No one will argue that malnutrition, hunger, human rights abuses do not exist, and that the Indian state should not make any effort to ameliorate them. Leave alone the moral imperative, the state should act from the pragmatic impulse which understands that only better fed, healthy and educated citizens can become productive members of
However, the issue is the balance that must be struck at any given point in time between what can be spent on a social safety net, and what is needed to ensure a productive and growing economy which enables people to look after themselves. There has to be an effort to understand that we cannot live on a diet of populism alone, that there must be a concept of short-term sacrifice for long-term gain.
Take the challenge of stagnant agriculture that we are confronting today. We need deep reform involving water management, electricity pricing, market mechanisms, and so on to make our agriculture productive. Just what can be done, too, is staring us in the face. The Gujarat state has had a growth rate averaging 9.6 per cent in the past decade because it has acted in these areas according to a paper in the Economic and Political Weekly written by Tushaar Shah, Ashok Gulati et al in December 2009. Remarkably the paper points out that the major locus of growth was the arid Saurashtra, Kutch and north Gujarat, and not the command area of the Narmada dam. According to the authors, the BJP government “has actually devoted a great deal of energy and resources to accelerating agricultural growth through a broad spectrum of policy initiatives.” These include 1) creating more than 1 lakh water bodies allowing groundwater to be recharged and therefore allowing 2) multiple cropping and higher value agriculture; (3) market access; (4) road and other infrastructure. “Gujarat is the only state whose groundwater balance has turned positive in recent years,” state the authors. There are, of course, specificities that have been responsible for the Gujarat success story such as the use of Bt cotton and generally good rainfall, but a key cause was better water management. State chief minister Narendra Modi may be rightly reviled for the 2002 massacre of Muslims, but this is no reason why the lessons from the Gujarat agricultural “miracle” cannot be applied elsewhere.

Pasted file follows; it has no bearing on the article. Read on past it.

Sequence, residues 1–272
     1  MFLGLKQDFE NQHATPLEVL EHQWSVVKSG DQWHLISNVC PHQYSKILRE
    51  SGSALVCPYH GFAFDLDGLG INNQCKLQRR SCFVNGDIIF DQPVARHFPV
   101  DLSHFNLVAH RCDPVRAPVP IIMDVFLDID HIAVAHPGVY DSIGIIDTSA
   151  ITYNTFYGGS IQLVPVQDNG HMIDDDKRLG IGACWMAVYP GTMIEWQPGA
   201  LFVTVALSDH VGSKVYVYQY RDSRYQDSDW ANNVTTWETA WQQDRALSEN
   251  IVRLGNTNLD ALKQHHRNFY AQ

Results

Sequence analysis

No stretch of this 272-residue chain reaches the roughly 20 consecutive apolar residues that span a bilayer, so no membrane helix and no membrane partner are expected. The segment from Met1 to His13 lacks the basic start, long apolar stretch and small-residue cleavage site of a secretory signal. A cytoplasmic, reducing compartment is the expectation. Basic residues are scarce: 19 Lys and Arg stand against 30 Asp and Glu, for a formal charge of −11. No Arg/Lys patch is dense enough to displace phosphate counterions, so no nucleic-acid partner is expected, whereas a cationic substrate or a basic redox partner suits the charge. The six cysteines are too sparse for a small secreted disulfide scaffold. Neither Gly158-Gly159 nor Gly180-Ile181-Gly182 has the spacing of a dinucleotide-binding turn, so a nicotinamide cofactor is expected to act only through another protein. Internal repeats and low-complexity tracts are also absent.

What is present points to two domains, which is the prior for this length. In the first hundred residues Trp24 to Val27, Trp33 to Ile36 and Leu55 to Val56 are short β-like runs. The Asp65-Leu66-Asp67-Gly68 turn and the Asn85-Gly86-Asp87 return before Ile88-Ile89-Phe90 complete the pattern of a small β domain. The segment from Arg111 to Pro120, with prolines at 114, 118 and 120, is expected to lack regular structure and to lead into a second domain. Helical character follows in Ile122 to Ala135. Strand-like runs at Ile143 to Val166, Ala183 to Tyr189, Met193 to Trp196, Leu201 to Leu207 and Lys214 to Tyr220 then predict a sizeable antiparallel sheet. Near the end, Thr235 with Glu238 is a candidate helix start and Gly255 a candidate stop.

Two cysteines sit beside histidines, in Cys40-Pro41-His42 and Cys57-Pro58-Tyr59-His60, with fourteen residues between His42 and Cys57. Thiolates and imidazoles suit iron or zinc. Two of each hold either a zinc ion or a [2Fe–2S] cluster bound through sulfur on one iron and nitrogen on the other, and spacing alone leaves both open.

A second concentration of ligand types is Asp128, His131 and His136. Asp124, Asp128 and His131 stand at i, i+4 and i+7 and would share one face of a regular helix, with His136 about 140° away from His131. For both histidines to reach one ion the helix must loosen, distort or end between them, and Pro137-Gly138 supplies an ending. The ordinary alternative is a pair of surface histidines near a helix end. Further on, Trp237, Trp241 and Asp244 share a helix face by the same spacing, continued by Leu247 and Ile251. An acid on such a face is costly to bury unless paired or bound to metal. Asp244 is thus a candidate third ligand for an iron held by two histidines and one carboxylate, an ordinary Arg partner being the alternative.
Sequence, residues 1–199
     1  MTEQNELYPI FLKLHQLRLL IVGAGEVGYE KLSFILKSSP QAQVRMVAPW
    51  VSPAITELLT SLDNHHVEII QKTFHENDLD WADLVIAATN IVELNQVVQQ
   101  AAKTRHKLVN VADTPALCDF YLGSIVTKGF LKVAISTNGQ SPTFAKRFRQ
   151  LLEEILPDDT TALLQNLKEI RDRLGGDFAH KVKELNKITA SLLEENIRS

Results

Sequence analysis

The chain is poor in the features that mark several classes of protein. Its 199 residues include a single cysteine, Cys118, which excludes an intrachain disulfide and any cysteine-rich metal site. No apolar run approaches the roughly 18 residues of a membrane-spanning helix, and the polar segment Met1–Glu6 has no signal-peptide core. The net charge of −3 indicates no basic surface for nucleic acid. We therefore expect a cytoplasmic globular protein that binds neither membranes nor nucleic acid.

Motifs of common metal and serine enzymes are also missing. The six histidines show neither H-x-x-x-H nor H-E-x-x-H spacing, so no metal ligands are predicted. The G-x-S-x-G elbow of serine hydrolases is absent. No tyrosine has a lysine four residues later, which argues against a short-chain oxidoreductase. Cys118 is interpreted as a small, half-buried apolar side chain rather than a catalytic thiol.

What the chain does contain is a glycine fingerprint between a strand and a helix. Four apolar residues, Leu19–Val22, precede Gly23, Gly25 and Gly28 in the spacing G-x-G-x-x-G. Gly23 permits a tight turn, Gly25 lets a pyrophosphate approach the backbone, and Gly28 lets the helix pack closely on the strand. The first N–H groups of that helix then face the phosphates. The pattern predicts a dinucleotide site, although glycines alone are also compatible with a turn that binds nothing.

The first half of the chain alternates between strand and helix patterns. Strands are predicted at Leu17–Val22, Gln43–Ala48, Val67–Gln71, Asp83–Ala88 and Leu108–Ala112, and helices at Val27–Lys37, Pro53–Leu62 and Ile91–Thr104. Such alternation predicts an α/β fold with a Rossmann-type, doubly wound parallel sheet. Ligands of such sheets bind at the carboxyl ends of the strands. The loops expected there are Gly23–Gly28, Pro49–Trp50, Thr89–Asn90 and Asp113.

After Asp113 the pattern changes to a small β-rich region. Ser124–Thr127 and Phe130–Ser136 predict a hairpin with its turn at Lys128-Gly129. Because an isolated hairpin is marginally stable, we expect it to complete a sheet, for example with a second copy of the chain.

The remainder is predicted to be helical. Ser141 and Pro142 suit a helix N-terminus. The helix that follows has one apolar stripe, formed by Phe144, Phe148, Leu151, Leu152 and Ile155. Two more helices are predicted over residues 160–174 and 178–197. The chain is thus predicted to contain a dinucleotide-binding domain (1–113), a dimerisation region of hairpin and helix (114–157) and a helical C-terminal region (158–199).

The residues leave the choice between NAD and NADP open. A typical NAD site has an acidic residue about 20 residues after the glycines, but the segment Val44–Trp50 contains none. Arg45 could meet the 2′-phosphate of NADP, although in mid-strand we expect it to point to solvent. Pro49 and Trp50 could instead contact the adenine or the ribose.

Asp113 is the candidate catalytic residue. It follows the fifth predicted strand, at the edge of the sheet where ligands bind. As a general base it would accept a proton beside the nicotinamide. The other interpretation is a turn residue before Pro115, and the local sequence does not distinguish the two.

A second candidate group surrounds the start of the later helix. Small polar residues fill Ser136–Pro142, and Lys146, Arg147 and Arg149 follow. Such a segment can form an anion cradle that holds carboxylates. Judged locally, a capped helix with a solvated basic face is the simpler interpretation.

Prime Minister Manmohan Singh is someone who understands the issues well and knows what must be done. There is a limited window that the country has to remain on the path of sustained high economic growth. To provide immediate relief to the poor and to permanently change their situation through better healthcare, education, skills and quality jobs, you need a booming economy which has its own and urgent need for resources.
But the party seems unclear about the path it must take. Bleeding heart populism has been a part of its DNA. But there is only so much that throwing money at a problem, or raising slogans and creating statutes, can achieve.
The country needs much more extensive reform of its governing structures for solutions to problems which are structural and chronic. A corrupt and inept bureaucracy cannot deliver anything and prevent everything from happening. The solutions lie at the very fountainhead of the system— in the conduct of politics and governance of the country.
This is the challenge the Congress confronts. But as of now it seems to be more taken up with the shenanigans of the IPL rather than the slew of weightier issues that are there.
This article appeared in Mail Today April 22, 2010